It can be easy being green
Every day was Earth Day at WHRHS last week as the school’s Student Environmental Awareness Club, (SEAC), sponsored Green Week ahead of the April 22 Earth Day observance, which falls during vacation week.
Monday featured a composting demonstration titled “Don’t Be Trashy,” students were encouraged to wear green on Tuesday, Wednesday was “Lights Out” day, students learned to make organic yogurt during seminar with science teacher Laurie Bianchi on Thursday, and Friday’s student news program featured more information on composting.
“A few of us went to Hingham to see what they were doing because we heard they were doing wonderful environmental things,” Bianchi said Thursday. Club President Megan Concannon and Vice President Leah Pederson drove over to Hingham High School one afternoon and were duly impressed and inspired.
“The composting is new,” Bianchi said. “We’re starting that as soon as we get back from vacation.”
Hanson’s Ace Hardware store has donated bins for the project into which students are encouraged to place their food waste for composting. Student volunteers will empty the collection bins into an outdoor composting bin donated by the East Bridgewater DPW.
“Composting itself is relatively low-tech,” she said. “It just decomposes into beautiful soil we can use in all the gardens.”
SEAC’s 42 members are also planning a water filtration project to change the habit of relying on bottled water.
“Students were inspired after getting two environmental awards last spring to do more at the high school,” Bianci said. “They decided, without nudges from me, to look into a No Idling Policy, composting program, and fundraising to purchase water filtration units.”
SEAC has teamed up with Next Step Living in the SEED fundraiser to raise money for the water filtration units. Green Hanson also made a sizable donation.
Through SEED, Next Step Living will make the following donations to SEAC: $10 for every completed no-cost home energy assessment and $50 for every completed no-cost home solar assessment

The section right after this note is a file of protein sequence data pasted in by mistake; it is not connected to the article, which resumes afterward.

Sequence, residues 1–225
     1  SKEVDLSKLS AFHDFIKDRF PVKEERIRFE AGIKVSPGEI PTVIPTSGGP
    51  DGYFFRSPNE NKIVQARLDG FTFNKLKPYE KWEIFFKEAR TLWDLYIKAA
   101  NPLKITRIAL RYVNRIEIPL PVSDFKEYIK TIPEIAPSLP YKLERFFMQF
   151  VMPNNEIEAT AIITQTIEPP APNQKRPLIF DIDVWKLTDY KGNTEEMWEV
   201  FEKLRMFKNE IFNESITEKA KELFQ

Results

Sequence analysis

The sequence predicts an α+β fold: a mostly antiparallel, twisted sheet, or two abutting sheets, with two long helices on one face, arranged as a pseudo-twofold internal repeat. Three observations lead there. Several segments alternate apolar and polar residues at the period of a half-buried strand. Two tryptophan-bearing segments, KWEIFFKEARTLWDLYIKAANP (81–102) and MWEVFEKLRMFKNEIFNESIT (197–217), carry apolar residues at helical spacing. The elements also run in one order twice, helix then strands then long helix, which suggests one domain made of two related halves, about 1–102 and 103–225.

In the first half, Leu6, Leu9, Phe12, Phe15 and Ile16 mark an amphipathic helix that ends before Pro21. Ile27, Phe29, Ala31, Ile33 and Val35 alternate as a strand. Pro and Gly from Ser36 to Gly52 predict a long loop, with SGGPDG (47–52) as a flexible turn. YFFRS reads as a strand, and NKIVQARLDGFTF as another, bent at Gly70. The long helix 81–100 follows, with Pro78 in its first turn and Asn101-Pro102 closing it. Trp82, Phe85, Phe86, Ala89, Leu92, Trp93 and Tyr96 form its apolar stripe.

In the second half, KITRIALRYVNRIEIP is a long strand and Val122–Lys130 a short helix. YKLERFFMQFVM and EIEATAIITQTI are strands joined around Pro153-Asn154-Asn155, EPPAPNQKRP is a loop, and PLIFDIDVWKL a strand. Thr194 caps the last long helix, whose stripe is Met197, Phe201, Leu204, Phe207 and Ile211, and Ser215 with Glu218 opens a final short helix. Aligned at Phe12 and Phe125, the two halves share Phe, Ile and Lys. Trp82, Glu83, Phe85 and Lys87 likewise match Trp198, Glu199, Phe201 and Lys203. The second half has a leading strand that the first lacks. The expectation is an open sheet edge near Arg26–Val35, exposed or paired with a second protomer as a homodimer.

To sign-up for a no-cost home energy evaluation provided by your local utility sponsored energy saving program, Mass Save, go to http://goodener.gy/Whitman-HansonHS-HEA. Sign-ups for a solar assessment are made at http://goodener.gy/Whitman-HansonHS-Solar.
Part of the organic yogurt project was to focus on healthier eating, but just as important was reducing the number of plastic containers in the waste stream, Bianchi told her students.
“You also save yourself a ton of money because it’s actually very easy to make yogurt,” she said.
Students heated four cups of milk to just boiling in a microwave oven, allowing it to cool to 117 degrees.
“The longest process is heating the milk and allowing it to cool to the proper temperature,” she said. “If it’s too hot, you’re going to kill the bacteria. If it’s too cold, it may take longer to set.”
After using some of the hot milk to temper two tablespoons of plain yogurt with active cultures, they added it to the milk to act as a beneficial bacterial source. A half cup of powdered milk is also added for additional protein and to act as a thickening agent during the 10 to 24 hours it needs for incubation.
Cooking, of course is a science.
“The first time you make yogurt you need some plain yogurt as a starter,” Bianchi said. “You’ll never have to buy yogurt again.”